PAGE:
or something based on a TB6560 or similar.

They even could be cheaper that your L298 based board and will allow you to keep the 18V voltage (obtaining the maximum torque of the motor). If you put a resistance in serie, it will need to be really really big (and expensive, therefore) and it will be a waste of energy ...  In this way your system will be more a stove than a motor system  8)

zsiti4

#6
Aug 22, 2012, 10:02 am Last Edit: Aug 22, 2012, 10:06 am by zsiti4 Reason: 1

The L298 chip is just an H bridge without any kind of current limit control. Look better for some kind of chopper driver like this:
http://www.electrofunltd.com/2012/08/elfdrv1-stepper-motor-driver-coming-soon.html

or something based on a TB6560 or similar.

They even could be cheaper that your L298 based board and will allow you to keep the 18V voltage (obtaining the maximum torque of the motor). If you put a resistance in serie, it will need to be really really big (and expensive, therefore) and it will be a waste of energy ...  In this way your system will be more a stove than a motor system  8)



Thx for the info but i already have the L298. Can be a good thing if i power the L298 with a pwm power supply? I have some pwm supply for my modell train.

Something like this: http://www.electrokit.com/productFile/download/380

rweber95

If you're going to try using a resistor to drop the voltage, remember that the max current is 0.6 amps/phase.  Since there are 2 windings (phases) when both are energized each will draw 0.6A for a total of 1.2 amp.  So you'll need a 12 ohm resistor at 12ohm * 1.2A = 15 watt resistor. 
Mouser electronics lists wire wounds like this for as low as $0.64 US.  http://www.mouser.com/

ADLC

The maximum current specified for a motor is mainly due to heat dissipation. That means that you can apply higher currents to the motor if it is only for short times, like with PWM ... Maybe (and only maybe) it could work. But it will be quite noisy ...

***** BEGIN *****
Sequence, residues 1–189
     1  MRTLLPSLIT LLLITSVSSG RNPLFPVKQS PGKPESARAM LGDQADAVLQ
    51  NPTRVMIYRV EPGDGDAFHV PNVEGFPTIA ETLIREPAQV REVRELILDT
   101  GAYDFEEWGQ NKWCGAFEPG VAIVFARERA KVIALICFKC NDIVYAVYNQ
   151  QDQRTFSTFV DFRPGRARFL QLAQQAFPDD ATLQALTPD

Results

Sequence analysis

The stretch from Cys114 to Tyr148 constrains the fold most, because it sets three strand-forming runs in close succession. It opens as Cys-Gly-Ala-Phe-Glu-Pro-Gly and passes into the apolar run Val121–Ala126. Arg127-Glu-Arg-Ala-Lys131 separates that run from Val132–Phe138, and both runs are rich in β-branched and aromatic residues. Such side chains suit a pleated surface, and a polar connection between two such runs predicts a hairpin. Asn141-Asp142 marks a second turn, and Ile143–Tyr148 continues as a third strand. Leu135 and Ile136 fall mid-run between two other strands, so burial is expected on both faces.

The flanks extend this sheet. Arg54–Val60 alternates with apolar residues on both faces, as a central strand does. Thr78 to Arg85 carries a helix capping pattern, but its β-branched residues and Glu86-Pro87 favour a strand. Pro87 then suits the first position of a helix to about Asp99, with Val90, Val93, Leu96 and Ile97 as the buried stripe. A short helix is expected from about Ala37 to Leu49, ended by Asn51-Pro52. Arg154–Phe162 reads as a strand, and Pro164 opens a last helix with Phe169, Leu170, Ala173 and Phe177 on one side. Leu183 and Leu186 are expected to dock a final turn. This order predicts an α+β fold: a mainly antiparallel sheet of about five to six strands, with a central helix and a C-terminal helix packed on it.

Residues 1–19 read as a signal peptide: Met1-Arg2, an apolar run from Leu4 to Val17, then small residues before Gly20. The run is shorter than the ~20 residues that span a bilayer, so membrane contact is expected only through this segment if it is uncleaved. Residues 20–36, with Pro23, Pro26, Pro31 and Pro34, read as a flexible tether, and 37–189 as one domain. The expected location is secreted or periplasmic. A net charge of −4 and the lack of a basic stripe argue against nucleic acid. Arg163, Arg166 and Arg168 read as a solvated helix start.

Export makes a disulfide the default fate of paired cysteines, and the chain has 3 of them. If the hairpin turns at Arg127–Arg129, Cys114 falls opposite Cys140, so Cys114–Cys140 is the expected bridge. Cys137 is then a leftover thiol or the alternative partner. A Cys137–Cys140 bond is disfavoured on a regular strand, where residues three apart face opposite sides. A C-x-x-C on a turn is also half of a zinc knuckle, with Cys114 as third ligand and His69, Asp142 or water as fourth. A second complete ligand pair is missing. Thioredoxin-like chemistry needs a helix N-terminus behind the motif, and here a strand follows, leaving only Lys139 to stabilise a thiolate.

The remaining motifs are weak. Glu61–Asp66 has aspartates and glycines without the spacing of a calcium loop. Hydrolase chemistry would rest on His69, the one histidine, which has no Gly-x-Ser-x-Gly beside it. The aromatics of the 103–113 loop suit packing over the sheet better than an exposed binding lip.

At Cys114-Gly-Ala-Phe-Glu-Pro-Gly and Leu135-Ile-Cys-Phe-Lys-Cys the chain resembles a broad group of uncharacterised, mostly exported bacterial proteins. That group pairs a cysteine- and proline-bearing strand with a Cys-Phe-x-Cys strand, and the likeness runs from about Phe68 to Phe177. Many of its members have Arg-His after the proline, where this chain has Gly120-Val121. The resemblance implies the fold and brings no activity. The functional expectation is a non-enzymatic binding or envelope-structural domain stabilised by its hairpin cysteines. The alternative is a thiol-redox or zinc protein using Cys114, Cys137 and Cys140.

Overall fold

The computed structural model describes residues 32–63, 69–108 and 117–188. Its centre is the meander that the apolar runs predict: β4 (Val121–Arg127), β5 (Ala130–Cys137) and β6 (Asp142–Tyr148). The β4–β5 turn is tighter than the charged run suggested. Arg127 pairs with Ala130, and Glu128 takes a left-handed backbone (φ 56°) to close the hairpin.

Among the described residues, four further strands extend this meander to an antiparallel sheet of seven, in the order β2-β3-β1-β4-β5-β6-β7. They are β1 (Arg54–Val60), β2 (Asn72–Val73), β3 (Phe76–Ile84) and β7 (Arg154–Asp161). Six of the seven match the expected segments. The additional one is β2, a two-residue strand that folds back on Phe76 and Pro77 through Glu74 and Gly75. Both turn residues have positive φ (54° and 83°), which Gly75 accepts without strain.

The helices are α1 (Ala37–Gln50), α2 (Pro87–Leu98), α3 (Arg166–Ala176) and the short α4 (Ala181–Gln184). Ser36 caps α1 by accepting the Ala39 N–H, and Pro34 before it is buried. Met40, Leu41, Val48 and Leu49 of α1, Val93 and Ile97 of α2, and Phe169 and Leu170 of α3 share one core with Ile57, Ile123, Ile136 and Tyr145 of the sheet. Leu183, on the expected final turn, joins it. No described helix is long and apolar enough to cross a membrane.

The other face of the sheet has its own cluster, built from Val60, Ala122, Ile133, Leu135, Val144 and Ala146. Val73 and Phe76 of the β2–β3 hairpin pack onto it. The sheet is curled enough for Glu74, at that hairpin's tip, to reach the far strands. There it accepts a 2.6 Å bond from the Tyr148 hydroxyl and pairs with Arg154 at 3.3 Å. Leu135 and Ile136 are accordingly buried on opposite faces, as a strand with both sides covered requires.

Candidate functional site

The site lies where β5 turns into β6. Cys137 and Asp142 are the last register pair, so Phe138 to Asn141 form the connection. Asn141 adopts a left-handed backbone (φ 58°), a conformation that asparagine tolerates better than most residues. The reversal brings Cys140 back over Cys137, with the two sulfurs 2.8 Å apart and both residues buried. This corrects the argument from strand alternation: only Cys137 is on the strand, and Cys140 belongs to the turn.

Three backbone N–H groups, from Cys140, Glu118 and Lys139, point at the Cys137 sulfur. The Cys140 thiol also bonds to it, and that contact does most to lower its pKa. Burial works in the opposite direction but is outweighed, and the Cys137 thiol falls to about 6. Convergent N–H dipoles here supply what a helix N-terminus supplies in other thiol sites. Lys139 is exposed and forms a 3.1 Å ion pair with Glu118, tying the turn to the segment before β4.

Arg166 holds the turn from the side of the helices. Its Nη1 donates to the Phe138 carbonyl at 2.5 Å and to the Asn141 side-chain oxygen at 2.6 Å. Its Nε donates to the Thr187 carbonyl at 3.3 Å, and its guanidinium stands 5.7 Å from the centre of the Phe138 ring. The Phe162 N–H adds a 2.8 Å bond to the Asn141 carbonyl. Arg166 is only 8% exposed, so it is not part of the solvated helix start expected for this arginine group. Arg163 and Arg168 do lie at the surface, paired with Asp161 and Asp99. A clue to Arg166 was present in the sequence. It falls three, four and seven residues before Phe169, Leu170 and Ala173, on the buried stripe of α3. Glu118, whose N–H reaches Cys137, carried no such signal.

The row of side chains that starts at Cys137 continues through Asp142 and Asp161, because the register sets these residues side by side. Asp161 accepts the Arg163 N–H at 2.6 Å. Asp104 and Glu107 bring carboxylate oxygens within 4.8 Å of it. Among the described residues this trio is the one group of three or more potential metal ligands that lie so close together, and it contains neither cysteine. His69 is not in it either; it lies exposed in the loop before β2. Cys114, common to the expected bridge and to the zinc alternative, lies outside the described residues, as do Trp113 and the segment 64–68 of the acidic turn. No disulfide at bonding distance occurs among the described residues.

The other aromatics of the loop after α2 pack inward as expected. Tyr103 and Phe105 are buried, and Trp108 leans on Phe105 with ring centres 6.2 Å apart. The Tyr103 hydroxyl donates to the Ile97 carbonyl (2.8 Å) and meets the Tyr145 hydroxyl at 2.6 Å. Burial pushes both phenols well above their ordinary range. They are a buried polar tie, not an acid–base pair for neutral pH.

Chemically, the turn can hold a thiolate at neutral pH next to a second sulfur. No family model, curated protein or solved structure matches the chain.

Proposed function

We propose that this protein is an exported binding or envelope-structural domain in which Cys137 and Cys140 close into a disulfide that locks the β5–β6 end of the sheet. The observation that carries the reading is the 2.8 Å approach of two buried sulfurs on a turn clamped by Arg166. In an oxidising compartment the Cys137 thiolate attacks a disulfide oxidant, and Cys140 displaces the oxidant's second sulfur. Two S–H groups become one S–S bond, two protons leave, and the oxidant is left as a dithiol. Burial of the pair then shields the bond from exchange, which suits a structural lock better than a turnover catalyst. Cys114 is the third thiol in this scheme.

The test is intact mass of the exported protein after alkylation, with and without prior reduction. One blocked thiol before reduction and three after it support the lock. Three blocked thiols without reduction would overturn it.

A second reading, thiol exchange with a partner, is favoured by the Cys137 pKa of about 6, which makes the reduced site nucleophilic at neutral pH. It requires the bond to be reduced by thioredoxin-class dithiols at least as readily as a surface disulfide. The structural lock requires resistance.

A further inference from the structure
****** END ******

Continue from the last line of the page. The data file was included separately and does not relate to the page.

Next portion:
I understand you already have the L298 ... but I still think it is not suited for the scenario where you like to use it.
Maybe you could use some kind of PWM on the enable signals of the L298 board rather than in the own power lines ...

zsiti4

When i googled on it i find out the LM317 / LM338 / LM350 can use as a current regulator. Is this something for me? Im not an electric guru so i need some basic help.  :smiley-red:

ADLC

You would need the LM350, that is the open with a 3A limit.
They are linear regulators that can be used as current sources, although you could also see them as a current limiter or a variable resistance which values increases as required to ensure that its does not feed too much current.
To use it, you only need to put a resistance between pins 1 and 2 so that Imax = 1.25V/R.

At the end (either with this, with a resistor or with a any other regulator), what you are going to do is to reduce the tension at which the motor is going to operate. There is a minimum voltage at which the motor start rotating. If you low it too much, it will not start.

Check it before.

zsiti4

Hi

Thx for the great help guys. Now i use a 7805 voltage regulator on a BIG heatsink and the motor doesnt get warm. Not so warm  :smiley-mr-green:

I dont plan to continous drive the motor.

ADLC

You are still violating the specs of the motor, but if the motor does not get hot, it should not be a great problem.

zsiti4


You are still violating the specs of the motor, but if the motor does not get hot, it should not be a great problem.


If i can find a 3.3V voltage regulator somewhere i want to try that too. But 3.3V regulator seems to be not so often used.

ADLC

You could also use a adjustable regulator ... they are more common and are usually configured using a resistor divisor.